It’s been seventy-three years since James Joyce died in a Zurich hospital after a surgery for a perforated ulcer. Therefore, it’s been seventy-three years since the rest of us have been left to fend for ourselves when it comes to deciphering the author’s two greatest works, Ulysses and Finnegan’s Wake. Since their publication (1922 and 1939, respectively), most of us know more about these book’s notoriety than their actual plots. Well, guess what? Turns out, since his death, there have been a whole slew of books written by people trying to and then deciding they have, in fact, figured it all out. You've got your reader's guides, your companions, your centennial symposiums, your methods and designs, interpretations, introductions and even unabridged republications of original Shakespeare and Company editions. On and on it goes, everyone seems to have an angle and, apparently, everyone has a goddamn book contract.
Perhaps the most readable of these is 1965’s Rejoyce by Clockwork Orange author Anthony Burgess. (Also published as: Here Comes Everybody: An Introduction To James Joyce For The Ordinary Reader). The main reason the book’s success as a digestible look at Joyce’s work is due to Burgess’ career as a critic and linguist, both of which are fairly important decoding tools needed for the job. Though how he was able to condense a brilliant and, ultimately challenging writing career into three hundred paperback pages might be worth a book itself, but let’s not let get distracted.
In quick succession, Burgess unravels Joyce’s early work (Dubliners, A Portrait Of The Artist… and Chamber Music) into bite-sized pieces as he takes us into the path of that literary one-two punch of Ulysses and Finnegan’s Wake. The early work might seem separate entities, but, as one learns from Rejoyce, each act as a stepladder to the next book. Sure, all that is typical, almost expected in a writer’s creative trajectory, but where Joyce ultimately ended up is far from typical.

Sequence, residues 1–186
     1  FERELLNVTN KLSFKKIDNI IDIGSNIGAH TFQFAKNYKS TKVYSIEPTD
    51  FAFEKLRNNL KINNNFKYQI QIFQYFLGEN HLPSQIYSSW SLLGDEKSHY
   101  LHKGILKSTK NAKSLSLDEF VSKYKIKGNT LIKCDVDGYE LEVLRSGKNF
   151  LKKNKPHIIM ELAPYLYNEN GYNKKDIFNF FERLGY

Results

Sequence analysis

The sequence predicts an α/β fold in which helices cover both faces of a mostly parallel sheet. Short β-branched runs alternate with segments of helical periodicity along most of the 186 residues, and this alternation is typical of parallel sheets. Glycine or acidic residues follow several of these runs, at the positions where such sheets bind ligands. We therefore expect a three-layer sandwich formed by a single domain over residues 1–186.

So, once arriving at the inception, development and execution of Joyce’s last two books, Burgess strips away the perplexity and underscores certain aspects of the narratives which are often lost in the hub-bub. For Ulysses, Burgess reveals the difference between complex inner dialogues of each character which are written in that now famous/notorious stream-of-conscious style:
“The first [artistic problem with using extensive interior monologue is concerned with characterization: how does one make one person's interior monologue sound different from another? Joyce…solves the problem by assigning a characteristic rhythm to the thought-stream of each of his main three characters. Stephen’s is lyrical…Bloom’s is quick, jaunty, jerky…Molly’s are long flowing.”
And then there’s this observation on the underlying thematic possibilities:
“Each episode of Ulysses corresponds to an act of the Odyssey, and the correspondence proliferates in a mass of subtle references. When, for instance, Bloom strolls by Sir John Rogerson’s Quay in glorious summer morning weather, he is re-creating the lotus eating episode of the Odyssey. But the Homeric parallel is only the beginning. Shape and direction are primarily imposed on each chapter by means of an Odyssean reference, but that reference suggests related references, sub-references and those have much to do with not only the direction and subject matter […] but the action itself and even the technique [.]”
Oy vey! Even when stripped to its foundations, Joyce’s writing is a bit…oh how shall we say, congested with meaning. And, as we know now, that wasn’t even his most challenging work.
While Burgess does take on Finnegan’s Wake (“Difficult?”, he asks rhetorically about the book, “Oh yes, difficult. But a certain difficulty is the small price we must pay for excitement, richness [and] originality.”), he actually saves much of his critical/analytical expertise for his second book on this subject ten years later entitled Joysprick: An Introduction To The Language Of James Joyce. Sounds like a lovely beach read, no?
Finnegan’s Wake is so full of mystery and verbal rabbit-holes, it’s a wonder anyone even bothers; but then, what's fun about not bothering? Anyway, in part two, we’ll take a look at the a book which may be our best source to figuring out this master’s greatest, most frustrating work. Until then, I leave you with this: